Unread. And looming.

books-reading-illustration-gif

My reading backlog, tweaking me, ever present, ever growing.
Unread books on night stand.
Unread eBooks slumbering on my Kindle.
Unread magazines. Hard copy + digital.
Unread newspapers. Hard copy + digital.
Unread articles and blog posts on my Pocket App and Evernote App.
Unread emails in a reading folder on gmail.
All swelling, bulging, throbbing – an alien blob slime slowly cutting oxygen.

Kooser chanting: I travel the endless reaches of my ignorance, all of the books I haven’t read, and never will, come rolling at me out of the dark like a hail of asteroids.

Apparently, I don’t suffer my affliction alone:

“Many people are drowning in magazines, articles, newsletters, books and blogs they want or need to read. Is it possible to get to Magazine Zero?…”

“Three in four people say they feel overwhelmed some or all of the time by too much information from magazines, newspapers and other media…”

“Everybody has this deep dark feeling that they aren’t keeping up…”

“I hope at some point I’ll catch up…”

Read more on how others are coping here: How to Declutter Your Magazine Pile: Prioritize and ‘ABR —always be reading” with digital apps and iPods


Image Source: sentimientos-en-el-aire

Comments

  1. True for me. I have let all my magazine subscriptions expire as they sat there and looked nice, but were not used as intended. And reading magazines on the iPad is uncomfortable for me. There is just too much information.

    Liked by 1 person

  2. If I’d only turn off the tv watching mindless crap, I would get through all those unread books.

    Liked by 2 people

  3. I don’t know about you but with reading I have to be 1) in the right mood/mind frame and then I just go for it and 2) at a point where I can do #1 and suffer no consequences. I have to pace myself or I’ll fall down a reading wormhole, stay up too late and suffer a paperback hangover 🙂

    Mom started taking me to the Library when I was 5 – she gave me the gift of reading and the greatest compliment recently, “You know, of all my kids, you’re a voracious reader like me — I just can’t imagine my life without books!” 🙂

    Cheers!
    MJ

    Liked by 2 people

  4. I, too, have pared my magazine subscriptions down to almost zero, and even those few pile up on my bedside table like bills of indictment. I read books on the iPad, but don’t like reading magazines on it, and there are SO many worthwhile items vying for my attention that I feel like I’m drowning more often than not. I also struggle with the “read for edification” versus “read for pure escapism” issue. Glad to know that I’m not alone. Really don’t want to see one of my favorite guilty pleasures turn into another “assignment.” Sigh…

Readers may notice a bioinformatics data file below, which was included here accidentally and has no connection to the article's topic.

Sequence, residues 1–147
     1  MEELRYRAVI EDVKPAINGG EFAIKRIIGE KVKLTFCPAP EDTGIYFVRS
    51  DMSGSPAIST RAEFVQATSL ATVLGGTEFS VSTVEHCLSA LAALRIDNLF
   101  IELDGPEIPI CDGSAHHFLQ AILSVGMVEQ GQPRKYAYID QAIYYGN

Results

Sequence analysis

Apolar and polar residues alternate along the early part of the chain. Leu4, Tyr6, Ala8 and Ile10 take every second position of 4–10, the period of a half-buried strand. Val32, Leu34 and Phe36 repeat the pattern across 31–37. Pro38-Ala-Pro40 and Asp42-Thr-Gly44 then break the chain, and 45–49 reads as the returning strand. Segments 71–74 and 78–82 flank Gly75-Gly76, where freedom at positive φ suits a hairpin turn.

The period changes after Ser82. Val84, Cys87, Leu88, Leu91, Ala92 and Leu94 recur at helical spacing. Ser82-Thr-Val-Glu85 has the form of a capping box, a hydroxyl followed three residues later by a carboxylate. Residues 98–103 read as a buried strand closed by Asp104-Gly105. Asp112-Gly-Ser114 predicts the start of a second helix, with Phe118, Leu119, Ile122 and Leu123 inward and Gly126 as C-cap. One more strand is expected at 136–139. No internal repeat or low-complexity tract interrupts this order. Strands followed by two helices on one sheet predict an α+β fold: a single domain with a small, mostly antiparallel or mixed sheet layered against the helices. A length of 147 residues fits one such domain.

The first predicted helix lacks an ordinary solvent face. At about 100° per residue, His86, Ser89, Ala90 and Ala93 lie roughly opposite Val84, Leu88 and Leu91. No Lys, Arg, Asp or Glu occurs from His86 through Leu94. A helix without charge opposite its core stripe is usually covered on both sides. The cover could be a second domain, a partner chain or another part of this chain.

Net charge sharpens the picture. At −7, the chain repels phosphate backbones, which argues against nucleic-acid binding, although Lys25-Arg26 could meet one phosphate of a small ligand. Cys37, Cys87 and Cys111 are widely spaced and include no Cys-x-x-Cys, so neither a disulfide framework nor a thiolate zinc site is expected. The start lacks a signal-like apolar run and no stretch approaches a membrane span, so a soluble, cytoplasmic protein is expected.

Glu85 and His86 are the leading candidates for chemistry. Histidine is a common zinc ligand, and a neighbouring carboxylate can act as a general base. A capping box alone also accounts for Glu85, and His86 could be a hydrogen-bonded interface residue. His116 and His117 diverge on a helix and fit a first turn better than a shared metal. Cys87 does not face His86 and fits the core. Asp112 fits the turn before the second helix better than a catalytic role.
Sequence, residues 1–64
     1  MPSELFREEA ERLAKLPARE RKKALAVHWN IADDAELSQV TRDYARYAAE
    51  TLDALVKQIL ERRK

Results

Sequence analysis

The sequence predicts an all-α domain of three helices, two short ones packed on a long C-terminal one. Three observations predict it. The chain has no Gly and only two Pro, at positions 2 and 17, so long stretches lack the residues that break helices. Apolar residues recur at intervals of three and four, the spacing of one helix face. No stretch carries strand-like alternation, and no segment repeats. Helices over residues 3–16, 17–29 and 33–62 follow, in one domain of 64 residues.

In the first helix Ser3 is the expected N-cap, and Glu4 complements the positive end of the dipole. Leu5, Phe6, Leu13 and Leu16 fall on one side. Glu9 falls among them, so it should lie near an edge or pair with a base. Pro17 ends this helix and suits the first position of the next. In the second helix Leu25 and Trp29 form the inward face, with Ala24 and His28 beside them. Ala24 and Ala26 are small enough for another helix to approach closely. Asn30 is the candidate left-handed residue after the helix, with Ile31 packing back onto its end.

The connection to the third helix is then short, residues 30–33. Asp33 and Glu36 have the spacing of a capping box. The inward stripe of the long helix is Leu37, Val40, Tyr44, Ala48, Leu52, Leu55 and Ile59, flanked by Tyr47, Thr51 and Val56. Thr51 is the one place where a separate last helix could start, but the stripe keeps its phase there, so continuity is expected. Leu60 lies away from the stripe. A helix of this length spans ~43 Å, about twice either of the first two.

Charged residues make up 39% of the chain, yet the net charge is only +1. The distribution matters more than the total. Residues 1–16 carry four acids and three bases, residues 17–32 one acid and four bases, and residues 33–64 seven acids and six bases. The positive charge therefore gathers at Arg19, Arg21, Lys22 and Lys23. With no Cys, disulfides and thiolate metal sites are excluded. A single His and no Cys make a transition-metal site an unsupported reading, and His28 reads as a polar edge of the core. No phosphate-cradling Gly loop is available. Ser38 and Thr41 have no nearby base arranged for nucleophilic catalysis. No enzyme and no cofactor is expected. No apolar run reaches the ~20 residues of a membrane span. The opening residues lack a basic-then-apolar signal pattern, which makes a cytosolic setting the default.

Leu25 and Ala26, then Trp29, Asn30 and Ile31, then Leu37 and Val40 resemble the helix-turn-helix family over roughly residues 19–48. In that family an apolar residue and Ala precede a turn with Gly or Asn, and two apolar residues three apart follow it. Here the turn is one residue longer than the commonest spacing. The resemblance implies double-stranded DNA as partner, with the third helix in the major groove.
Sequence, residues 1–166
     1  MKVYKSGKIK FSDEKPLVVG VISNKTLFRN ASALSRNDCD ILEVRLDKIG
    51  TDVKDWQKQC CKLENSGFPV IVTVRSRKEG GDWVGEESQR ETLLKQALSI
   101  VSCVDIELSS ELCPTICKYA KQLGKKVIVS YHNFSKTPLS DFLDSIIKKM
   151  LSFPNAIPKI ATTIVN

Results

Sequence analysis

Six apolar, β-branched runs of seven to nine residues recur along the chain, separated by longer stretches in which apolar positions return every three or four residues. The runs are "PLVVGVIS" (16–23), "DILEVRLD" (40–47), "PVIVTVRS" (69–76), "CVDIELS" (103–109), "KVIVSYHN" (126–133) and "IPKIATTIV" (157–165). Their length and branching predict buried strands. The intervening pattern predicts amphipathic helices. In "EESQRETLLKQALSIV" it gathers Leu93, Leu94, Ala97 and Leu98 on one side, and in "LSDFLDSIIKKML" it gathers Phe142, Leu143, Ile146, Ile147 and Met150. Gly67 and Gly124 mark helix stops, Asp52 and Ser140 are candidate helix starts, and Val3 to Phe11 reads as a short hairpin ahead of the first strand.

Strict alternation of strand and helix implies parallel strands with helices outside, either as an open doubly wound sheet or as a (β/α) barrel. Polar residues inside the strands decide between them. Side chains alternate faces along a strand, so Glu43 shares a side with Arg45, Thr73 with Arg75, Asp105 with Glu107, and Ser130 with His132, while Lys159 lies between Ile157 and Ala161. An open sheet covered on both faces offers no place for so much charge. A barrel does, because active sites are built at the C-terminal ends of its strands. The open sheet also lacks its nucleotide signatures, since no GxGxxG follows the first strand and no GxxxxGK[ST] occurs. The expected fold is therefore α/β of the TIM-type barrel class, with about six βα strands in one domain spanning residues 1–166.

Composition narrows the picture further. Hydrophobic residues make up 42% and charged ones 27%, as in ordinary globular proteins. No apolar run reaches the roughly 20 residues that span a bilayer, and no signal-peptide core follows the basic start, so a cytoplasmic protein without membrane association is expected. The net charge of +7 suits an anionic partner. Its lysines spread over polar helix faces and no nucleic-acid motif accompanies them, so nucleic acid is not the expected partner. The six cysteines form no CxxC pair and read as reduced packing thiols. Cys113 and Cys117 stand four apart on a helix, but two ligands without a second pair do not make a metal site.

Liked by 1 person

  5. Reblogged this on edenstream.com – catherine whittier and commented:
    My books surround me and decorate my space. They pile up like wishes and they beckon me to come away. I peer over the computer screen at neat shelves and lovely stacks. I swear if they’re near me — the words they contain will be mine.
    I feel the covers and touch the pages. They are always on my dreamy one day.
    There is a rattle of a chain and a sucking sound.
    Back to my to do list…

    Liked by 1 person

  6. Chuckling. “All swelling, bulging, throbbing – an alien blob slime slowly cutting oxygen.”
    My beast isn’t quite as slimy as yours – but I can see it’s on the same alien path. Thanks for sharing your lament!

    Liked by 1 person

  7. I had a dream recently in which I threw away a pile of magazines instead of reading them each, cover to cover, like I feel compelled to do. I woke up feeling so free. It must be a sign……

    Liked by 1 person

  8. I used to be a bookstore manager. Books, magazines, reading, collecting was my life. Then I got sick. Then I got poor. Priorities shifted to what was necessary and actually therapeutic. I gave away or sold half of the books I owned. I don’t buy them or magazines anymore. I go to the library. I keep a list of books recommended to me, and when I have the brain-space and inclination (like MJ above), I seek out the next one. Or I follow a new author-love through all the books they offer. Reading is a joy again. I don’t want to jeopardize that.

    Liked by 2 people